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  1. Face and Trust: A Semiotic Inquiry Into Influencers, Money, and Amygdala.Kristian Bankov - 2021 - Sign Systems Studies 49 (3-4):527-542.
    After the cultural explosion of Web 2.0, digital culture reveals an apparently semiotic paradox associated with the incredibly widespread use of images of faces, while at the same time the reason to trust in the authenticity of these faces is constantly declining. This is because graphic technology has made the sophisticated manipulation of images both possible and easy. After a review of the existing semiotic models and considerations of trust, I am proposing a new approach which emphasizes the value-generating properties (...)
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  2. Art, Face and Breathscape: From Air to Cultural Texts.Silvia Barbotto - 2021 - Sign Systems Studies 49 (3-4):437-462.
    We consider breath as a vast prospect that includes actions and traces of them, that builds images and texts, that involves the human being and the extra-human context; we call this great scenery ‘breathscape’. We then study how breathscape interacts with the human apparatus of the face, both giving rise to signs, but also giving rise to a liminal zone of extremely intriguing interpretative processes on a mereological scale. How and where do the territory of breath and the body interact? (...)
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  3.  1
    Augmented Facets: A Semiotics Analysis of Augmented Reality Facial Effects.Federico Biggio - 2021 - Sign Systems Studies 49 (3-4):509-526.
    Augmented reality facial effects represent a new trend in social media communication based on ‘short forms’. The article proposes a tripartite analysis: a semiotic analysis of digital facial effects used to empower the natural users’ faces; a deconstructionist analysis of Spark by Meta, one of the major software applications to create such effects and, finally, a critical reflection on the practices prescribed by Spark and the stereotypical aesthetics of augmented selfies. The conclusion states that such forms of augmented reality effects (...)
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  4. Gotta Face ‘Em All: Pokémon, Japanese Animated Characters, and the Emergence of Playful Visual Animism.Vincenzo Idone Cassone - 2021 - Sign Systems Studies 49 (3-4):543-565.
    As a result of technological innovations and new cultural practices, the contemporary mediasphere is increasingly populated by digital faces. The phenomenon is not limited to human faces, but includes a vast universe of fictional animated faces, variously called ‘characters’, ‘mascots’ or ‘kyara’. In Japan, while certainly not new, kyara have been spreading thanks to globalization, digitalization and media-mix strategies. Through the connection between visual design, fictional narratives and socio-cultural consumption, kyara can be considered semiotic figures of in-betweenness, key symbolic mediators (...)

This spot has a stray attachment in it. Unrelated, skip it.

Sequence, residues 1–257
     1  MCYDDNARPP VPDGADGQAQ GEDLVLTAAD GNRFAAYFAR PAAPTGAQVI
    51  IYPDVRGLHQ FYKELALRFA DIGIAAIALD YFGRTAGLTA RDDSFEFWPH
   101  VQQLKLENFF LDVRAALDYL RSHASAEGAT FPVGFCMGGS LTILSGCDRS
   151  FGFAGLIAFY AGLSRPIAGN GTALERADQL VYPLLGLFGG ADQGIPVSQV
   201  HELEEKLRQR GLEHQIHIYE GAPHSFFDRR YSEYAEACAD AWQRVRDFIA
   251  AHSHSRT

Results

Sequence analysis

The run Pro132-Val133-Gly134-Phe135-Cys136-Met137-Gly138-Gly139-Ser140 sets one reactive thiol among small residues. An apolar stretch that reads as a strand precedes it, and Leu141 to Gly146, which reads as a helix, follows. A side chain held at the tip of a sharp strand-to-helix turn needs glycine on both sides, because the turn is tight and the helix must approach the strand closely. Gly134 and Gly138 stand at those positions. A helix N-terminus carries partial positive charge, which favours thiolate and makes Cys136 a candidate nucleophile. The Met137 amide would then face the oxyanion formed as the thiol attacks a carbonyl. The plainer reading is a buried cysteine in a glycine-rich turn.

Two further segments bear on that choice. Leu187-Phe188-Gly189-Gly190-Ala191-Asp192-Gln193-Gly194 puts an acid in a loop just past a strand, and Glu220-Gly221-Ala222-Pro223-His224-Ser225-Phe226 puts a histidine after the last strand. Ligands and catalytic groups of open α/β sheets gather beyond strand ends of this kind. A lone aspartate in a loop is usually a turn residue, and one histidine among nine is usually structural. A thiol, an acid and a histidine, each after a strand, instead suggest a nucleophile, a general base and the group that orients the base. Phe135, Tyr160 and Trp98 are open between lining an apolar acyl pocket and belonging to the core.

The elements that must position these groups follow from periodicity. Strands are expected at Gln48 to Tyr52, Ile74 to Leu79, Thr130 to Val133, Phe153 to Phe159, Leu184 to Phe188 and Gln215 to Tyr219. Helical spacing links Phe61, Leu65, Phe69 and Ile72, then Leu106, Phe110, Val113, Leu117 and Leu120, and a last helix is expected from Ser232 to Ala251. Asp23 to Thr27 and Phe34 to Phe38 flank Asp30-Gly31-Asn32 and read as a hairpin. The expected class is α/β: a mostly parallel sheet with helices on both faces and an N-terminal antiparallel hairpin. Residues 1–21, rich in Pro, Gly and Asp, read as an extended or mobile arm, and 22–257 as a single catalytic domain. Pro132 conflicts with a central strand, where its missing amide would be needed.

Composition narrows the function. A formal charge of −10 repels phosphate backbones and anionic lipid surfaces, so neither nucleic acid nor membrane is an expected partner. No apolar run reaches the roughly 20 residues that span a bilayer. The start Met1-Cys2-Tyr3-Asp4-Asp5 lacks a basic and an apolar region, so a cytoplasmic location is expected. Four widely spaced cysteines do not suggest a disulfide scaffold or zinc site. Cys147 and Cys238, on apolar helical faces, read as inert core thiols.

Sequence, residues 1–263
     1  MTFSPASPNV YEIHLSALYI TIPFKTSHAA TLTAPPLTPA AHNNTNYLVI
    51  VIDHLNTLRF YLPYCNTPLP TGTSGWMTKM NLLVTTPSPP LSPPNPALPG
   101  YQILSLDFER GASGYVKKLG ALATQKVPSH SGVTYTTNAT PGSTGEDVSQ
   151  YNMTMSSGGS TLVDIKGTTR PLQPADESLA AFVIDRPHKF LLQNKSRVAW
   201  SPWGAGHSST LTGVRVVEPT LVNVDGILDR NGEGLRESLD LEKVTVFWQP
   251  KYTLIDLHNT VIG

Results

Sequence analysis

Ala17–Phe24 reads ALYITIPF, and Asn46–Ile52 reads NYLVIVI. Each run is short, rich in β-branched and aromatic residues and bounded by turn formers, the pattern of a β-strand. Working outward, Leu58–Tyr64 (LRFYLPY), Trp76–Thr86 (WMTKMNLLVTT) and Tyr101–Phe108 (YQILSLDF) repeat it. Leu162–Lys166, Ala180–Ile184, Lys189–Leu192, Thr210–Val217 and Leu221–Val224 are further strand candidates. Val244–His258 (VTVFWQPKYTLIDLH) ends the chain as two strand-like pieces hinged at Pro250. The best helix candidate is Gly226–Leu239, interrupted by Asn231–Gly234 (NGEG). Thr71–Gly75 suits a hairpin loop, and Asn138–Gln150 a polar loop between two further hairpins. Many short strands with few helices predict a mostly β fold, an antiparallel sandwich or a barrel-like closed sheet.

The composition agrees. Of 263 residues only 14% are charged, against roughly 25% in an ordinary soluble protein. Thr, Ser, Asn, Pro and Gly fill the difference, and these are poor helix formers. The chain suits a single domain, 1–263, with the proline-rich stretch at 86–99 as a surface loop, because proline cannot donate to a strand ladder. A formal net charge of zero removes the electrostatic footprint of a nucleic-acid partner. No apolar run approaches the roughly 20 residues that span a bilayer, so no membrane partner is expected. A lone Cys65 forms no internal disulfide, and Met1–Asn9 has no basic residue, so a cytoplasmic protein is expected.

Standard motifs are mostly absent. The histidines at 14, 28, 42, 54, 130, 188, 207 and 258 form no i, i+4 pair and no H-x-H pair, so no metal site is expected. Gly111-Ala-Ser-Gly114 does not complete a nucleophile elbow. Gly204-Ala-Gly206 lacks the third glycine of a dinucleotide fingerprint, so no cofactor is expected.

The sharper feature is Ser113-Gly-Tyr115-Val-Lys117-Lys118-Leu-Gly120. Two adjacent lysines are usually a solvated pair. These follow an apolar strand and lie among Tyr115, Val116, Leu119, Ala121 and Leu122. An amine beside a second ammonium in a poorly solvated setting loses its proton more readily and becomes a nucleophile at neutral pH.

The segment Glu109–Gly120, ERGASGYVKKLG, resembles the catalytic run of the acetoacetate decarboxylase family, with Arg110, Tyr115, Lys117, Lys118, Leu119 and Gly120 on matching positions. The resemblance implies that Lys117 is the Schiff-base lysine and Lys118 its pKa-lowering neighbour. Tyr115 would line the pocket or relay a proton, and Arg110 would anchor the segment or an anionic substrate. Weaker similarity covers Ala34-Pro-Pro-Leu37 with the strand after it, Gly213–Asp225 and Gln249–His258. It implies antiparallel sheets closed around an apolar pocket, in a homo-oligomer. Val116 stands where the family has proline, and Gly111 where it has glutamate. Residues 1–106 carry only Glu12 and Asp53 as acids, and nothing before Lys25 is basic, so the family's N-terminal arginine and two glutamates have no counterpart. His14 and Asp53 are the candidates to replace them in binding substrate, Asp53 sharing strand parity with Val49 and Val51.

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  5. Faces in the Pre-Hispanic Rock Art of Colombia: Semiotic Strategies, Visual Semiospheres, and Gestures.Martín Cuitzeo Domínguez Núñez - 2021 - Sign Systems Studies 49 (3-4):463-488.
    This article analyses the sign systems or semiotic models that make up the meaning of a double face or mask drawing in the pre-Columbian rock art of Colombia, also discussing two human figures with depicted faces associated with the main picture. The sample of rock art was detected on the walls of the Chicamocha Canyon at the Mirador de Barcenas site in the Santander Department in Northeast Colombia. Its origin is attributed to the Guane chiefdom. We hold as a central (...)
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  6. Marlen Haushofer’s The Wall and the Post-Nuclear Culture of the Face.Emanuela Ferragamo - 2021 - Sign Systems Studies 49 (3-4):383-399.
    The intertwining of landscape and face belongs to human spatial epistemology: as suggested by Matteo Meschiari, primitive humans used to orientate themselves in landscape through recognition of facial patterns. By reflecting upon Marlen Haushofer’s novel The Wall, the article aims to question the semantic of the “face of the landscape” in the wake of an imagined nuclear apocalypse that leaves behind a cat, a cow, a dog, a woman and a wall. The wall transcends the boundaries between human and other-than-human: (...)
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  7. Notes on the Semiotics of Face Recognition.Remo Gramigna & Cristina Voto - 2021 - Sign Systems Studies 49 (3-4):338-360.